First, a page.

My article on “plant blindness,” now sitting on my editor’s cyberdesk in Harrisburg.
By Bob Quarteroni
If you went to the hospital to have your appendix removed, you would hope your surgeon wouldn’t take out a lung
Absurd? Of course.
But that’s what’s happening in the world of nature where not only the average person – but even trained professionals and biology profs — can’t tell lopseed from loosestrife.
And that’s categorically what we don’t want: Our botanists unable to tell invasive giant hogweed from its smaller look-alike native cousin, cow parsnip, when working on pest-plant eradication.
“Botanists use the term ‘plant blindness’ to describe the growing inability by Americans—and even well-degreed biologists—to tell the difference among even basic plants,” according to an article in the Washington Post.
Well, I hate to tell the Post this, but they’ve got that a little wrong. It’s not just the inability to ID plants, but what that failure means.
Botanist-educators James Wandersee of Louisiana State University and Elizabeth Schussler of the Ruth Patrick Science Education Center introduced the term “plant blindness” in 1998. They define plant blindness broadly, including “the inability to see or notice the plants in one’s own environment, leading to the inability to recognize the importance of plants in the biosphere and in human affairs.”
Since the Post was blind to the actual meaning we’ll go with the phrase “plant ignorance” to correctly identify what the Post was referring to: People who should be in the know but aren’t.
And it’s a real problem. Organizations like the National Park Service can’t find enough scientists who know enough about, say, invasive plants, to deal with them effectively.
Just how bad it is is exemplified by botany professor Lena Stuwe who has been teaching at Rutgers for 13 years.
“Many times, I have to teach from scratch. ‘This is a petal. This is a leaf. This is a branch,’ ” Struwe told Philly.Com.
The reasons for this are legion, but without a doubt the leading cause is our national obsession with indoor activities, from texting and Facebooking et. to TV binging to generalized couch potatoing.
According to snowbrains.com, “According to the Environmental Protection Agency, the average American spends 87 percent of their life indoors, then another 6 percent of their life in automobiles. That’s only 7 percent of your entire life outdoors…. Ouch.”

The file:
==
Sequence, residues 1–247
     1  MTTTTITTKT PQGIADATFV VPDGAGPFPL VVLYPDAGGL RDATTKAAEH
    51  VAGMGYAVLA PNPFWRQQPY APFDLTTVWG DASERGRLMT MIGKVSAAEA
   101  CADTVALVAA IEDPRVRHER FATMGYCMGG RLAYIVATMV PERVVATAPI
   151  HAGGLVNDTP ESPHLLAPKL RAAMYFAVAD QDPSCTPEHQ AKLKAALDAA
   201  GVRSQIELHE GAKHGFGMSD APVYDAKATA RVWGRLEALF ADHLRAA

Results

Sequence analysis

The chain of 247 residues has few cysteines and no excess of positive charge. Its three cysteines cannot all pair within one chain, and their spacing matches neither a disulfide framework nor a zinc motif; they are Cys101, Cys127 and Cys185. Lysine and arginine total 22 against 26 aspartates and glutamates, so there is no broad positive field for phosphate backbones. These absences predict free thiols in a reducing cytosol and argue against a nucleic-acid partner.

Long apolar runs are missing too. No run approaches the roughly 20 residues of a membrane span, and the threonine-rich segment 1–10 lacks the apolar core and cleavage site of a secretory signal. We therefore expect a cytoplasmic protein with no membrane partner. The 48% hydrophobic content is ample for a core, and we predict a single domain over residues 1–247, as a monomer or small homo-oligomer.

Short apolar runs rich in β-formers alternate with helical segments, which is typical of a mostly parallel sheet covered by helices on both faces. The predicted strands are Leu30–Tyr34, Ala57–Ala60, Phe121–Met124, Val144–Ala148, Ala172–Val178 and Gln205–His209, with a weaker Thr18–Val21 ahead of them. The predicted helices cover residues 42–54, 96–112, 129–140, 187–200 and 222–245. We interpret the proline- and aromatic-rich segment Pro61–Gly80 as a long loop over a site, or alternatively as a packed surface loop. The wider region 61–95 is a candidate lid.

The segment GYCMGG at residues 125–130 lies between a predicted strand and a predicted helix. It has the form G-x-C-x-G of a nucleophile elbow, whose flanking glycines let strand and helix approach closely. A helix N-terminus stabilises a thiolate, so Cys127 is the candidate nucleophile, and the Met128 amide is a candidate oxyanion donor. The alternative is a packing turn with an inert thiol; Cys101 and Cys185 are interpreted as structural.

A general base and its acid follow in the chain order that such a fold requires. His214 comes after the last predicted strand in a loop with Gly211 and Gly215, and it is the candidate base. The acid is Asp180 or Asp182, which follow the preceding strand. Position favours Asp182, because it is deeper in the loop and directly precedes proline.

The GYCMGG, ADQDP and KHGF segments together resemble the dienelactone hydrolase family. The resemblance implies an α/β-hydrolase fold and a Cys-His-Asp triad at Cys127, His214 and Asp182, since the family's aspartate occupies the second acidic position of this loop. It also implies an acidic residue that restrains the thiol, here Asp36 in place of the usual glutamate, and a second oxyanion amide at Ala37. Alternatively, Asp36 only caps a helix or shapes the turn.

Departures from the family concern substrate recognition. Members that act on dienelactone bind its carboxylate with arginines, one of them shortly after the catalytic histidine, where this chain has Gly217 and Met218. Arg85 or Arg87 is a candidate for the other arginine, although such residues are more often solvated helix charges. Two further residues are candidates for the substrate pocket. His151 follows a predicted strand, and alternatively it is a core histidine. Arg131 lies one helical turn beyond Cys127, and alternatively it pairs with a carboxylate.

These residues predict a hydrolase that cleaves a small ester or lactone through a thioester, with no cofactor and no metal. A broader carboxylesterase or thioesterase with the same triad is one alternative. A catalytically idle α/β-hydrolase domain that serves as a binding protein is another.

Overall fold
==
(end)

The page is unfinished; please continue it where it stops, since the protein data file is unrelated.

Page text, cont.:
And this sent an actual shiver up my spine. A study released in May found that about 25 percent of Americans hardly ever venture outside. Hard to know a plant if you never see a plant.
The Indoor Generation Report, commissioned by Velux, a window manufacturing company, surveyed 16,000 people from 14 countries.
For Americans, one-quarter said they spend 21 to 24 hours inside daily, 20 percent said they spend 19 to 20 hours inside and 21 percent say they spend 15 to 18 hours inside.
Combined with this flight from nature, plants have an image problem. They just don’t have what you could call the Bambi factor, they’re not cute and cuddly and they don’t wag tails. Hell, they don’t even move.
Studies have shown that we are naturally drawn to things that look like us, which is why we go so goo-goo over babies and puppies. But who has ever gotten excited over a pitch pine or barberry bush?
This preference for animals so dominates popular culture and biology that botanists refer to as “zoochauvinism” and “zoocentrism.”
This plant apartheid has some real world consequences. The number or herbaria – those vast collections of plants that have traditionally underpinned botany — are shrinking drastically and there are fewer botany programs at our colleges and universities.
And in the existing programs, the emphasis isn’t on plant identification but on the molecular aspects of plant science, where commercial applications are discovered and where the significant money abides.
Some good news can be found. Bills introduced into the Senate and House last year are aimed at promoting botany education and a decent number of colleges are beefing up plant identification coursework.
Perhaps what’s needed is a different way of looking at things. I asked Dr. Kenneth Klemow, Ph.D., professor of biology and environmental sciences at Wilkes University and my go-to guy when I can’t identify a plant, what he thought about our plant ignorance problem.
“Nobody has perfect knowledge of all plants, especially for cryptic taxa like sedges, rushes and grasses,” he said. “Some people are expert in certain groups, and lack expertise in others.
“Perhaps we need to ask how much knowledge is needed. Perhaps we want people to have a functional knowledge of plants, mammals, fungi, birds, fish, etc., to allow them to enjoy nature, recognize the biota that surrounds them, and appreciate the threats that biodiversity is under.”
That sounds wonderful. And it’s something that can be achieved if the proper resources are enlisted and if we start emphasizing the importance of botanical knowledge in all our lives.
But then I stumble across a survey conducted by the Innovation Center for U.S. Dairy that revealed that seven percent of American adults think that chocolate milk comes from brown cows and come to my senses.